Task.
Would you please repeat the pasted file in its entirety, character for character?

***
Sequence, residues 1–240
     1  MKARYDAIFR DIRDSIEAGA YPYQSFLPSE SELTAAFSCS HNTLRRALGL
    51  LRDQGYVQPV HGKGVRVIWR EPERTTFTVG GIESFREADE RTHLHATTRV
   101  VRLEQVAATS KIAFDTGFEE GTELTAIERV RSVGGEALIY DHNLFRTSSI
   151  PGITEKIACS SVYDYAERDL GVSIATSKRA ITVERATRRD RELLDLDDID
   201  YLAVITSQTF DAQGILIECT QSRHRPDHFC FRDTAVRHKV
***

Sequence, residues 1–240
     1  MKARYDAIFR DIRDSIEAGA YPYQSFLPSE SELTAAFSCS HNTLRRALGL
    51  LRDQGYVQPV HGKGVRVIWR EPERTTFTVG GIESFREADE RTHLHATTRV
   101  VRLEQVAATS KIAFDTGFEE GTELTAIERV RSVGGEALIY DHNLFRTSSI
   151  PGITEKIACS SVYDYAERDL GVSIATSKRA ITVERATRRD RELLDLDDID
   201  YLAVITSQTF DAQGILIECT QSRHRPDHFC FRDTAVRHKV